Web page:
A Guide to Construction Change Orders Part 1
Changes to a well-thought out construction project aren’t the most fun endeavors to undertake. As Clearwater construction attorneys, we know that drafting a contract and completing plans and specifications takes a lot of work so when unanticipated changes happen, we know they can be a real headache. Nevertheless, changes are more likely to happen than not, so we advise you to understand the nuances of changes orders and to be thoroughly prepared and proactive when managing them.
This two-part series will cover change order basics, among them, who initiates them, change order types, and some best practices. Visit Part 2 to learn more.
What is a Change Order?
A change order is a contract amendment that is agreed upon by contract parties and covers any changes beyond the original scope of work as outlined by the contract agreement. The can be a pain to owners because it means more money will be spent on the project whereas contractors benefit because they have the opportunity to earn more money. When a change or is written, it becomes a legal part of the contract and signatures are needed from each party to execute any changes.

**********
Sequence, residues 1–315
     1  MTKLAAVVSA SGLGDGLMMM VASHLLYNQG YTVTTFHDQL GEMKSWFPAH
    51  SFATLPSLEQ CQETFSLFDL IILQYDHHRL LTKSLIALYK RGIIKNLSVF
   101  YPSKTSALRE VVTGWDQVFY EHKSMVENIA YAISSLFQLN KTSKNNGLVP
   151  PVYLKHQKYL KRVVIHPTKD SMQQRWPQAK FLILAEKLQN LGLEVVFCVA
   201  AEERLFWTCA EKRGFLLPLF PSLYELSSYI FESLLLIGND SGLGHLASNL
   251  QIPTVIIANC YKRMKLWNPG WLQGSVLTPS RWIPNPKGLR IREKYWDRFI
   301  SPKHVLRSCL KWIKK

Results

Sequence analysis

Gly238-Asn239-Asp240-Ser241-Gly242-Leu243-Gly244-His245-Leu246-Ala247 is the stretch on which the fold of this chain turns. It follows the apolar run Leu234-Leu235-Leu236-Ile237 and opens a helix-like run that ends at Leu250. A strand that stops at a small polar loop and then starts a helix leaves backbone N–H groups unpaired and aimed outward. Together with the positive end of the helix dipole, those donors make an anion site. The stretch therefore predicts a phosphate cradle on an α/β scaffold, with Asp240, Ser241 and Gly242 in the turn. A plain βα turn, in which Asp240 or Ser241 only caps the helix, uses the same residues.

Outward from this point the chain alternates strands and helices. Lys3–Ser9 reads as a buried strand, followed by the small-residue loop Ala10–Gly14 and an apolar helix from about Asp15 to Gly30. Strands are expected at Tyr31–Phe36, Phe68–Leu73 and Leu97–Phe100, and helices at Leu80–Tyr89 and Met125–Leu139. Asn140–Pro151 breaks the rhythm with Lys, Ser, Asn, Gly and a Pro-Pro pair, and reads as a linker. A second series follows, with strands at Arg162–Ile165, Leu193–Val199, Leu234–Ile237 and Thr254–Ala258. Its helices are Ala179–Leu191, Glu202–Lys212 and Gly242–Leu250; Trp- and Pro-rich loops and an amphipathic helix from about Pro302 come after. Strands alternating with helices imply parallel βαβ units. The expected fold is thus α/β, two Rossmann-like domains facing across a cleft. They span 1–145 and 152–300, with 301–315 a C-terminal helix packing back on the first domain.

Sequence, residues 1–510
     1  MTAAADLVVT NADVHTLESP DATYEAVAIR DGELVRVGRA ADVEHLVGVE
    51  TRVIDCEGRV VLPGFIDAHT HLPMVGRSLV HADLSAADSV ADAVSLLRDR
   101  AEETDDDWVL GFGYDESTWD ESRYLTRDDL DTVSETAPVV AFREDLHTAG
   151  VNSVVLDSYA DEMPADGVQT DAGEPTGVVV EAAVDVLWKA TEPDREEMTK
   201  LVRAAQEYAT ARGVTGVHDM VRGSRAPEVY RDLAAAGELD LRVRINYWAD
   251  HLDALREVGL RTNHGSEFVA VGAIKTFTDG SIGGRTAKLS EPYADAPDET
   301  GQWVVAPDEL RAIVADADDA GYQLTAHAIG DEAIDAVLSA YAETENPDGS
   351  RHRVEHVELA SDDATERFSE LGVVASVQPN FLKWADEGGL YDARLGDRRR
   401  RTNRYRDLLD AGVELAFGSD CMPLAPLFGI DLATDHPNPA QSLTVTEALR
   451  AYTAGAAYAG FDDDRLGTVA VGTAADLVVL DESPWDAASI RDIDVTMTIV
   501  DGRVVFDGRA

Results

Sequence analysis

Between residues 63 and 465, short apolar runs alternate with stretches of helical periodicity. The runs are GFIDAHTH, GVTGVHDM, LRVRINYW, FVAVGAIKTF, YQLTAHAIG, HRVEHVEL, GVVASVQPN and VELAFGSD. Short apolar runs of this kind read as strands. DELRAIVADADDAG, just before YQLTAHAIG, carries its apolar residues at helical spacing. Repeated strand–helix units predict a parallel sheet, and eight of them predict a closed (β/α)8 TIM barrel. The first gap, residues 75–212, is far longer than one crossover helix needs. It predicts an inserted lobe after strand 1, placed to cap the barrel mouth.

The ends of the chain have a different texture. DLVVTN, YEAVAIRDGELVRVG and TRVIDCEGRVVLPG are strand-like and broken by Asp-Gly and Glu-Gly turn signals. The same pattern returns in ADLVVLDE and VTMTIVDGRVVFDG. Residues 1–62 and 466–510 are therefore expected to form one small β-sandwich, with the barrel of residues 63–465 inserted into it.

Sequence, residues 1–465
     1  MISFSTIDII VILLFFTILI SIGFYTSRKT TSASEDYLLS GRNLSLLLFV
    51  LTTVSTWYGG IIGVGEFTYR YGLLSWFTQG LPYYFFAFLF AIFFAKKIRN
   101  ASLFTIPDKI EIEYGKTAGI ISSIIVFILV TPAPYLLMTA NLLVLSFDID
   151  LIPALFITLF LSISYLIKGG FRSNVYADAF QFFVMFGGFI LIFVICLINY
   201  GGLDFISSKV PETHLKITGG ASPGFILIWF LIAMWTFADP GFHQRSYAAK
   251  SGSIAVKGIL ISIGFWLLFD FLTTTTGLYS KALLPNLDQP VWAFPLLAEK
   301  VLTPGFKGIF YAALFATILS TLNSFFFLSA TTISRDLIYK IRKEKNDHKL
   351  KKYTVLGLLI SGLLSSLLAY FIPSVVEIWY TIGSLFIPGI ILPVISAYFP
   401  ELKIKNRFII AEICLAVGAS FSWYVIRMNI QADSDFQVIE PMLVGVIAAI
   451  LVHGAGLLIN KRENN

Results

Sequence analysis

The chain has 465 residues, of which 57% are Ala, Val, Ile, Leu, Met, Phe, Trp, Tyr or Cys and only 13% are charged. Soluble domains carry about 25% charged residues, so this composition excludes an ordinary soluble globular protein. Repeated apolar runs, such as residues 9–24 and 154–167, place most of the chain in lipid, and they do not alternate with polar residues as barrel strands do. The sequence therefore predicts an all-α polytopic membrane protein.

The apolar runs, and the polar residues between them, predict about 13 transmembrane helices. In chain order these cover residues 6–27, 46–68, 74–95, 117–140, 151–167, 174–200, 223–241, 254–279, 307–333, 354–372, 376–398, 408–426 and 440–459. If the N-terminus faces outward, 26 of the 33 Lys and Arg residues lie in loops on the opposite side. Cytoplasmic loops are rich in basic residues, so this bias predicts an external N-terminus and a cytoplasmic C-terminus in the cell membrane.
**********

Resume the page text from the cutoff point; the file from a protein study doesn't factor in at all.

Types of Change Orders
Change orders are introduced into a project when an unexpected event such as a change in tasks, design document mistakes, or a change in site conditions happens. Common types of change orders include fixed sum, Time and Materials (T&M), constructive, and consequential.
Who Initiates Change Orders
Change orders are typically initiated by a Request for Information (RFI), owner-initiated, or an error or omission in the project documents. Owner-initiated changes are the most likely to get a contractor paid.
Change Order Provision
Every construction contract should have a written change order form which can be attached as an exhibit. Change order provisions should describe what happens if a delay occurs, when a contractor can stop work, and a timeframe to accept or reject the change order. If you want to avoid change order disputes, a legal expert such as a Clearwater construction attorney will be a great asset for executing effective contract clauses.
Disclaimer: The information contained in this article is for general educational information only. This information does not constitute legal advice, is not intended to constitute legal advice, nor should it be relied upon as legal advice for your specific factual pattern or situation.